Newsprint manufacturer AbitibiBowater Inc. said it will challenge Newfoundland and Labrador’s seizure of its hydropower projects on the Exploits River. AbitibiBowater announced it would submit a claim to arbitration under the North American Free Trade Agreement (NAFTA). As a company incorporated in the United States, AbitibiBowater filed the notice under a NAFTA dispute resolution mechanism. It said it would subject the claim to arbitration in three months, should the matter not be resolved by that date. AbitibiBowater seeks more than C$300 million (US$246 million) for what it sees as the fair market value of the assets and rights. Newfoundland Premier Danny Williams announced in December 2008 the province would expropriate the company’s timber rights and hydro assets when it closed its last newsprint mill in the province.
NHA honors Sen. Cantwell
The National Hydropower Association (NHA) named Sen. Maria Cantwell, D-Wash., the Legislator of the Year for fighting to extend expiring production tax credits for hydropower. NHA honored the senator during the opening session of its annual conference in Washington. Despite her success in pushing to extend production tax credits for incremental hydropower, ocean energy, and other renewables, Cantwell said more work remains to level the playing field for hydro. Current law grants incremental hydropower projects only half the production tax credit offered to other technologies. Although adjusted for inflation each year, hydro projects receive roughly 1 cent per kilowatt-hour (kWh), compared to 2 cents/kWh for other technologies. “There is no credible reason not to give hydro the full credit,” Cantwell said.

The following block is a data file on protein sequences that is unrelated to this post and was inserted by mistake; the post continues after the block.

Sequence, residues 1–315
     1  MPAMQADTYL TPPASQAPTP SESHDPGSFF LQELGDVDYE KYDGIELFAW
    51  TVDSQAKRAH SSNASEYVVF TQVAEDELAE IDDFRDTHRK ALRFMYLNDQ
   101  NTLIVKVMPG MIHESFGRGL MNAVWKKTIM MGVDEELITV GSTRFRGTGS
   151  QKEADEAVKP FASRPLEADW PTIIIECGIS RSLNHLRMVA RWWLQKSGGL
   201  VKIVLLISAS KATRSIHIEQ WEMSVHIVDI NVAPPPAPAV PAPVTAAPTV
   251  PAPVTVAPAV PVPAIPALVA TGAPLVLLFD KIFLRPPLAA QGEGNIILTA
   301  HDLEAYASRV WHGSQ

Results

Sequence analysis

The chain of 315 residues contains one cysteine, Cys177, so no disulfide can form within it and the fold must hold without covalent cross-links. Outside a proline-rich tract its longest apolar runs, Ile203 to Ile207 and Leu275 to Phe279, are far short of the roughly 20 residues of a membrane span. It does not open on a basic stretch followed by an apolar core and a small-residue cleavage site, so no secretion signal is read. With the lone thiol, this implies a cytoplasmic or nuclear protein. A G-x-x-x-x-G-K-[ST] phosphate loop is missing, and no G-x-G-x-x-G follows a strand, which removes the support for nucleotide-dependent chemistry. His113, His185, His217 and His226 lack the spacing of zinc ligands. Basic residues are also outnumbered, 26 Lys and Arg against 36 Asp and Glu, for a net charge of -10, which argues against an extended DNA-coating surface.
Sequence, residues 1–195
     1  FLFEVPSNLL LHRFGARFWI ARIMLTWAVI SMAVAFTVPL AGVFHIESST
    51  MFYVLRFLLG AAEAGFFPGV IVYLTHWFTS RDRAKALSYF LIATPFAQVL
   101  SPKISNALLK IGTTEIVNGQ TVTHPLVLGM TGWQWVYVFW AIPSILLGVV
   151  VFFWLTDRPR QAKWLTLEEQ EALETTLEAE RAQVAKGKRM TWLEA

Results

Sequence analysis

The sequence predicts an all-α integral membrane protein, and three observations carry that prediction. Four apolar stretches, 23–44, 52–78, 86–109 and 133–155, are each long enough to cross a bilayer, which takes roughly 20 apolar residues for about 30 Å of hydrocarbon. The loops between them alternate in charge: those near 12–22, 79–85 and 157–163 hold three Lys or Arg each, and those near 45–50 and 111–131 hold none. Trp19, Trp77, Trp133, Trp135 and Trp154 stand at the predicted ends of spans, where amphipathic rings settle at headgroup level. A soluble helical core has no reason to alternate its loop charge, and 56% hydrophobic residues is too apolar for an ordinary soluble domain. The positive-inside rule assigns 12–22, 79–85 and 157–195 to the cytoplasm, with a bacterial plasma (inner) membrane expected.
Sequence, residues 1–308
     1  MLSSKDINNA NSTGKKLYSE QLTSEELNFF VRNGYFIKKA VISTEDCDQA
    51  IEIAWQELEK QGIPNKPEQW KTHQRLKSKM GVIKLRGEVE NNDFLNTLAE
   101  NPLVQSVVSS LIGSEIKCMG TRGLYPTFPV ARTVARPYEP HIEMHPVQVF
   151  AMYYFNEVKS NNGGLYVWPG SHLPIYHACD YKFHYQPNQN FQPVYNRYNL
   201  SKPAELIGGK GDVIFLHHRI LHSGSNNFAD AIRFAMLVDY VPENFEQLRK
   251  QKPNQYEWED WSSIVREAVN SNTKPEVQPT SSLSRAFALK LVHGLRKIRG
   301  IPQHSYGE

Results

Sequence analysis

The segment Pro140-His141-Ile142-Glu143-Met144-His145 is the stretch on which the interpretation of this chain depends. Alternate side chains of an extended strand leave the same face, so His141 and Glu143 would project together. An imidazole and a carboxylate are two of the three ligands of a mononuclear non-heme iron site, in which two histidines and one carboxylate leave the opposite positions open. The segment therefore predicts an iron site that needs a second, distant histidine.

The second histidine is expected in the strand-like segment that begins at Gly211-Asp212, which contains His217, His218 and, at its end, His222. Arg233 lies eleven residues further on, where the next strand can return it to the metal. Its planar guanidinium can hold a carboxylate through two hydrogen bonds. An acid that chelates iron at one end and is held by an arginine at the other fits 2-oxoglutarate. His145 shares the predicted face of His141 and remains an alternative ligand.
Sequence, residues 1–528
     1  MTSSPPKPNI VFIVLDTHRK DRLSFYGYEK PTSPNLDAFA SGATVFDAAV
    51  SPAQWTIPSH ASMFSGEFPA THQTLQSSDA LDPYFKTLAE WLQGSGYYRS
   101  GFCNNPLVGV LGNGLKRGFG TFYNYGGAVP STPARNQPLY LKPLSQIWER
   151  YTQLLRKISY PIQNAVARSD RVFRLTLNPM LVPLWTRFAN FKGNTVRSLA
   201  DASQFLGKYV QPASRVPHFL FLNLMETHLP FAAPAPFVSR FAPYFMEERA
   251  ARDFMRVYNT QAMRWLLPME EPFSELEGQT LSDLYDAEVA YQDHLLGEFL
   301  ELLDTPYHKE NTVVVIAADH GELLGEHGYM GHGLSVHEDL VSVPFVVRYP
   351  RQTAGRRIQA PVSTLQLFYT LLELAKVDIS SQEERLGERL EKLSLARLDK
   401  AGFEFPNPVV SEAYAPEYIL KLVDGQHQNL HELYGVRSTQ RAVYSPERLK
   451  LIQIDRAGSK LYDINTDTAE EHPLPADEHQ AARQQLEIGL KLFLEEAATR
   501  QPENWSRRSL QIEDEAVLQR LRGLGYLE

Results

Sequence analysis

Obama offers $30 million for hydro research
President Obama proposes spending $30 million on the Department of Energy’s (DOE) hydropower research and development program next year – $10 million less than appropriated for this year. The new figure was included in details of the president’s $26.4 billion budget proposal for DOE in the 2010 fiscal year, which begins Oct. 1. The president signed a $410 billion appropriations bill in March that included $40 million for DOE’s R&D program. That bill provided for current year R&D for ocean renewable technologies, including demonstration programs, and for conventional hydropower research, development, and deployment.
House climate bill boosts renewables
A House committee endorsed climate change legislation including a renewable electricity standard that would require utilities to increase the amount of power they obtain from renewable energy sources. Eligible renewables include some hydropower and ocean energy. The House Energy and Commerce Committee voted 33-25 in May to advance the bill containing a “cap and trade” climate change initiative backed by President Obama. Assuming other committee approvals, the full House could act on a bill by August. The renewable electricity standard requires companies that sell more than 4 million megawatt-hours per year to meet a percentage of their load from renewable sources or from energy savings. The legislation defines eligible renewable energy sources to include incremental hydropower, marine and other hydrokinetic energy, and wind, biomass, solar, and geothermal sources. The bill also would allow utilities to exclude existing hydropower from their base amount of electricity when calculating the amount of renewable energy they must obtain.